Noontime bustle and nighttime illumination
One of the three routes heading to Itsukishima Shrine from Miyajima Pier, Miyajima Omotesando Arcade is the liveliest spot on the island. The arcade has an open-and-shut form of canvas which can be used as a sunshade during the summer and as a shelter from rain so that no matter the weather, you can enjoy your shopping. Along with the traditional Miyajima handicrafts, there are also plenty of restaurants serving fare such as oysters, conger eel and momiji manju. After sunset, although the stores have closed up, you can still enjoy a nighttime stroll since the arcade is all lit up.
O-Shakushi, Miyajima’s traditional handicraft
Right in the center of the arcade is the world’s largest rice scoop, O-Shakushi, which is 7.7m in length and 2.5t in weight, and was built in 1983 as a symbol of Miyajima as the birthplace of the rice scoop. The traditional handicrafts known as Miyajima Saiku were born not from the excellent shrine carpenters who built and maintained Itsukishima Shrine, but from the techniques of cabinetmakers who created woodwork, so they have been produced since the Edo Era. There are also many shops dealing in Miyajima Saiku whose products including candy dishes, plates and other daily goods are renowned for their ease of use.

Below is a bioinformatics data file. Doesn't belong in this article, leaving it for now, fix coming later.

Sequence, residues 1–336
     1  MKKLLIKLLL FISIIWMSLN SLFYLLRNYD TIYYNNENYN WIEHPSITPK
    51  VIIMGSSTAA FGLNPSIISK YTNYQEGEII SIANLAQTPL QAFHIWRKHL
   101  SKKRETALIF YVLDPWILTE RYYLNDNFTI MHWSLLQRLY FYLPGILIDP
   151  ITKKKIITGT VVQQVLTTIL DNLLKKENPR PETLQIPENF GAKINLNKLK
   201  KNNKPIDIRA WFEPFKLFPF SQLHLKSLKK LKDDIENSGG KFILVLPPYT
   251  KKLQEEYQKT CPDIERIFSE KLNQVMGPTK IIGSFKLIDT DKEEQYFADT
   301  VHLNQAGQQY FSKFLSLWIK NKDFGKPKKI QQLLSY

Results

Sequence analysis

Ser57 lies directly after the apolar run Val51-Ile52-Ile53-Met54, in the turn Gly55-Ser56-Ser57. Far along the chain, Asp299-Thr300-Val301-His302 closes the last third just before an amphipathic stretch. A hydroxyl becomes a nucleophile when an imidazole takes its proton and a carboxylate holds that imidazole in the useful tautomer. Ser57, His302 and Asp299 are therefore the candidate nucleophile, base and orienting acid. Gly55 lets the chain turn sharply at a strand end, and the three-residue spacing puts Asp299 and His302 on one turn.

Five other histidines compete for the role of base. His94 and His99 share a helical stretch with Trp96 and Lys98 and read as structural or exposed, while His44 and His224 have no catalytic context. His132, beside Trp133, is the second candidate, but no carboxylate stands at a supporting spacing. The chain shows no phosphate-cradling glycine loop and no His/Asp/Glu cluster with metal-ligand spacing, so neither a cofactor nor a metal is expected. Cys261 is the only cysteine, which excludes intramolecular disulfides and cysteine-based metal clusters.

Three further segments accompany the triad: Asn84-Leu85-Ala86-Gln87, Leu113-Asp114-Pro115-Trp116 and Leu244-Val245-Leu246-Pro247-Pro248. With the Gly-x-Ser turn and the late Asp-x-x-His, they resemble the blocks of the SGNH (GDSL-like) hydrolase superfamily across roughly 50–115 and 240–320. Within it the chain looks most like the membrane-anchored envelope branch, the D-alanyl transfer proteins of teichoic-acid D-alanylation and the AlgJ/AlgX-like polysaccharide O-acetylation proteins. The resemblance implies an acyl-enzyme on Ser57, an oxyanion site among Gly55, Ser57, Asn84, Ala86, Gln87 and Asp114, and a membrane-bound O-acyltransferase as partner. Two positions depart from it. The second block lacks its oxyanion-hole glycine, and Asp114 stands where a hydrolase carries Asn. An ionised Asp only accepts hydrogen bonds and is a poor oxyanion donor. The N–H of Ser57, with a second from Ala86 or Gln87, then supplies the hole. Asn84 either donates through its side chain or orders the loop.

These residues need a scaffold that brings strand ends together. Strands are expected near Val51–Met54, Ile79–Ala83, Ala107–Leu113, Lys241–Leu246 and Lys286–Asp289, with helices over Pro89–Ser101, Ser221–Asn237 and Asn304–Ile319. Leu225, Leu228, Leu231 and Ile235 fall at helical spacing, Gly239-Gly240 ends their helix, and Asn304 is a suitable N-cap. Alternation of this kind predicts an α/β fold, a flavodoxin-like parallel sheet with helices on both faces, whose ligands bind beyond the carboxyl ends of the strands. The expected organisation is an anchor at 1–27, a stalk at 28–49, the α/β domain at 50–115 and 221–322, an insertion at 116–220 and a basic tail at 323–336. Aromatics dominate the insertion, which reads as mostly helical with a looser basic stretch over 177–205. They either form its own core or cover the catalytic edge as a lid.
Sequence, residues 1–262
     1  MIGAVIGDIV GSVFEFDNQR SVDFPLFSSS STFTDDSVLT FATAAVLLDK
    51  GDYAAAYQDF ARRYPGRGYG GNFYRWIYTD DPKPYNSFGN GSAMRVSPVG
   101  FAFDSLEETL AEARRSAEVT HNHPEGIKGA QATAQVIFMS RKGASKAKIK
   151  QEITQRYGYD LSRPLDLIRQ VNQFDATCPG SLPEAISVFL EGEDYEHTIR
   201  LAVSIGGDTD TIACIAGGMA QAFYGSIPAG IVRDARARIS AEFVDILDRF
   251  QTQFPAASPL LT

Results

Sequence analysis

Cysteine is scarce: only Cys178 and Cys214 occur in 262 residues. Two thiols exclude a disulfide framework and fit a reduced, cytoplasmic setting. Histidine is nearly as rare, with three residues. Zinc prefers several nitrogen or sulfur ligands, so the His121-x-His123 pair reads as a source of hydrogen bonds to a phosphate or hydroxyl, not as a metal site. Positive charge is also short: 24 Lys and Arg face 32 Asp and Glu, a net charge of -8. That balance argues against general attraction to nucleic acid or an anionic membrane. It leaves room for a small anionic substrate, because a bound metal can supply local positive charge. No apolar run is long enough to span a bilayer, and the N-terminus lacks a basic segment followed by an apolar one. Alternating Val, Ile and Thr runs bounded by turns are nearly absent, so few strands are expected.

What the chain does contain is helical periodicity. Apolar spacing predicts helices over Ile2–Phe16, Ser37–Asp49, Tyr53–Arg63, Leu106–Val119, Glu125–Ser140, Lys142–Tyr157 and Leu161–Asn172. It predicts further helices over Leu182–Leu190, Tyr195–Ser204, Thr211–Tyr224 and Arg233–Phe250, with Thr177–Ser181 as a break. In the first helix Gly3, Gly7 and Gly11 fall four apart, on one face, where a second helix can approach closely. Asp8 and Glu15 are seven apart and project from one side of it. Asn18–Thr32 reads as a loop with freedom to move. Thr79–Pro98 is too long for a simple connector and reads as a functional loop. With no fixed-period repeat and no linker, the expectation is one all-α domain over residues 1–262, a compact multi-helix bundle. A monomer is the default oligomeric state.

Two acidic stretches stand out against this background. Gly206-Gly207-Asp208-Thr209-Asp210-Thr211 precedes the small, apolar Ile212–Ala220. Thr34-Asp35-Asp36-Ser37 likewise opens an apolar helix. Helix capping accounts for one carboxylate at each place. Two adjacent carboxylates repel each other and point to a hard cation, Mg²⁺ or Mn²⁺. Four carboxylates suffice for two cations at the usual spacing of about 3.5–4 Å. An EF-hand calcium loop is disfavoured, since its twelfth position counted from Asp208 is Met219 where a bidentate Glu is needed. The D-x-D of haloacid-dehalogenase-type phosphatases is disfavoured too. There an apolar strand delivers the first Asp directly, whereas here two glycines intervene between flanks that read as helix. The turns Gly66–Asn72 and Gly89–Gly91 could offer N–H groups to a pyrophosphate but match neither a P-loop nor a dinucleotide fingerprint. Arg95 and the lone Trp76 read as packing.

Eating around is one way to enjoy Miyajima tourism
Some of the storefronts in the arcade have signs saying “Grilled oysters”. Grilled oysters are also a specialty of Hiroshima, and they can be sampled at a reasonable price. There are also a lot of shops where you can see them being grilled from the outside so that you can try them fresh off the grill. Also recommended is the age momiji with its distinctive taste. These momiji manjuu buns are completely deep-fried in oil and are filled with ingredients such as sweet bean paste, cheese and cream so that they come out creamy and delicious after the buns are freshly fried.